Founded in 1987 by John McGregor, Essex-based Contamac is now the world’s largest independent supplier of contact and intraocular lens materials and actively exports to 54 countries. BQ caught up with son Robert, current chief executive, to see how he turned the company into one of the industry’s leading exporters.
Contamac Ltd specialises in the development of materials for speciality silicone hydrogel and gas permeable contact lenses.
The company based in Saffron Walden was founded back in 1987 by John McGregor, now the chairman of the business.
After being told he was set to face redundancy whilst working in the sector, McGregor saw the opportunity to start up as a sole trader and never looked back.
29 years on and the company is now the world’s largest independent supplier of contact and intraocular lens materials and actively exports to 54 different countries.
“The motivation to start selling overseas was as a result of a desire to grow the business,” said McGregor. “The products we sell are attractive to any finished lens manufacturer around the world.
“Had we limited ourselves to the UK market alone, the business would be a fraction of what it is today. At the end of this year I expect we will report up to 90% of our business trading internationally.”
One of the main reasons given by most budding exporters scared to make the leap overseas is the red tape and challenges that can come with breaking into new markets.
Speaking about the challenges Contamac has faced, McGregor said: “There are many challenging parts to exporting that vary considerably depending on where you export to.
“The political landscape has to be respected, if there are countries that impose sanctions on trade this can severely limit the opportunity to export, perhaps the most frustrating is when this happens but communication occurs after you have shipped the goods.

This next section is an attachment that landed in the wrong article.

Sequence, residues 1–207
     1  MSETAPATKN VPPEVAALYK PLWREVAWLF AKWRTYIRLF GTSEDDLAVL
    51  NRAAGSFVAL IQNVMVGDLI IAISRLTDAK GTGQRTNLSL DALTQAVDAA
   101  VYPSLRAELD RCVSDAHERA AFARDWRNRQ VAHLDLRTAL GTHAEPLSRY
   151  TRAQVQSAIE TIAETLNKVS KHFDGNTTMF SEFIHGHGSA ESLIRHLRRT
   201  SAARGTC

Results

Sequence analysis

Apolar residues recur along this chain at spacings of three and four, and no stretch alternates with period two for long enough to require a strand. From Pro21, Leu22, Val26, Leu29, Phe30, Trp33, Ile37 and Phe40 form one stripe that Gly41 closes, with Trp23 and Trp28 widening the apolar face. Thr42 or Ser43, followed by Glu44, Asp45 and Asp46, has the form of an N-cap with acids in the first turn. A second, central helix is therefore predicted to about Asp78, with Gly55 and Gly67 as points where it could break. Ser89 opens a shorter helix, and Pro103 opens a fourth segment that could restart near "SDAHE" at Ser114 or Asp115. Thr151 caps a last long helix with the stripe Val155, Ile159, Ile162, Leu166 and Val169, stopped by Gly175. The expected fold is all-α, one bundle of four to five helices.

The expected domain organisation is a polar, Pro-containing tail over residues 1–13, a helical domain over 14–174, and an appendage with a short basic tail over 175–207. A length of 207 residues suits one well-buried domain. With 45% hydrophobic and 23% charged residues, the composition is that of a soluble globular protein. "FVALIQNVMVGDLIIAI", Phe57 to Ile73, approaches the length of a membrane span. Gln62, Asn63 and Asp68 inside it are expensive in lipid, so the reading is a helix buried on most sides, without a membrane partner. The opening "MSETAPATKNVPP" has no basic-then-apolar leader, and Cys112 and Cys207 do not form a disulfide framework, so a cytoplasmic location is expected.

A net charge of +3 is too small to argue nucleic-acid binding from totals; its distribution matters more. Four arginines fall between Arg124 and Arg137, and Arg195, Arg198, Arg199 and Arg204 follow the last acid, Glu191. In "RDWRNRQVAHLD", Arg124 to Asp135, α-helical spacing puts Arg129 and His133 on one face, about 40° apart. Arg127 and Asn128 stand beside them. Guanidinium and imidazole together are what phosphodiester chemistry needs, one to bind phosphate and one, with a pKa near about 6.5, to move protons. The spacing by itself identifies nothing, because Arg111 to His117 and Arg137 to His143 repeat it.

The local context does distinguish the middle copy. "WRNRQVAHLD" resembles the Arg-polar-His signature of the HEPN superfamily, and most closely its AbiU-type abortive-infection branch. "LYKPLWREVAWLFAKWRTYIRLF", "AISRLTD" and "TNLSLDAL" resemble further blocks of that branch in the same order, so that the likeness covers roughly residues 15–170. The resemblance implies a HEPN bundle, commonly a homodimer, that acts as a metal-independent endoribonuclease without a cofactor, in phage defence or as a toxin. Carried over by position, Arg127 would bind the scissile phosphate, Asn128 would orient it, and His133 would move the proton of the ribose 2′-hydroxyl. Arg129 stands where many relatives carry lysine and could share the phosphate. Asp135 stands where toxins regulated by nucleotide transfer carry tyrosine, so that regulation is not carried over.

“For some countries letters of credits are used, this is a complex system, other countries have high import tax which may make exporting non-viable.
“Logistics will also play a part, selecting the right courier is an important decision, this again may vary depending on where you are shipping and once goods arrive if customs need to be cleared your goods may still be held for a period of time.
“Any of these points can delay what seems to be a very straightforward shipment into a long winded and time consuming event.”
Determined to grow the business, McGregor didn’t let any of the challenges deter him from his goal of making Contamac a globally recognised name in the industry.
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This led the entrepreneur into the path of UKTI. He added: “The UKTI has provided the best support structure to help Contamac trade around the world.
“They have many initiatives and networks for any business to take advantage of, some of the very basic support is funding for trade missions to conduct market research all the way through to a global network of advisors to help within particular territories.”
Contamac now exports to 54 countries with North America being the company’s largest export territory followed by countries within the EEA.
The two territories make up approximately 70% of Contamac’s exports with the BRIC countries, Asia and South America, accounting for the remainder of the firm’s export business.
And it doesn’t stop there. McGregor is determined to continue pushing his team and has ambitious plans for Contamac over the coming years.
“Contamac is a global business already and exporting is essential to the future growth of the business,” McGregor added.
“In five years’ time the company will have further penetrated the materials market in all categories, our core business has plenty of opportunity to grow but there is a market cap on the size of our particular sector.
“We will also be active in providing polymers for other medical device applications in partnership with a range of companies and will be maximising our research efforts to develop novel polymers for applications outside of our core business.”
The expansion into overseas markets has undoubtedly helped Contamac grow into the market leader it is today and McGregor has some pretty sound advice for other company’s looking to emulate his success.
“The biggest advice I would provide would be to actively visit the country you are intending to trade with and do your research on the market you are targeting. The more knowledge you gather on the area you intend to sell in the more likely you will succeed.
“Some countries are easy to work with from a UK base, others will expect local agents, distributors or even for you to set up a subsidiary business.
“I would recommend that you speak with your local UKTI advisor as they would be able to help conduct the research and certainly provide networking opportunities that you could spend years searching for.”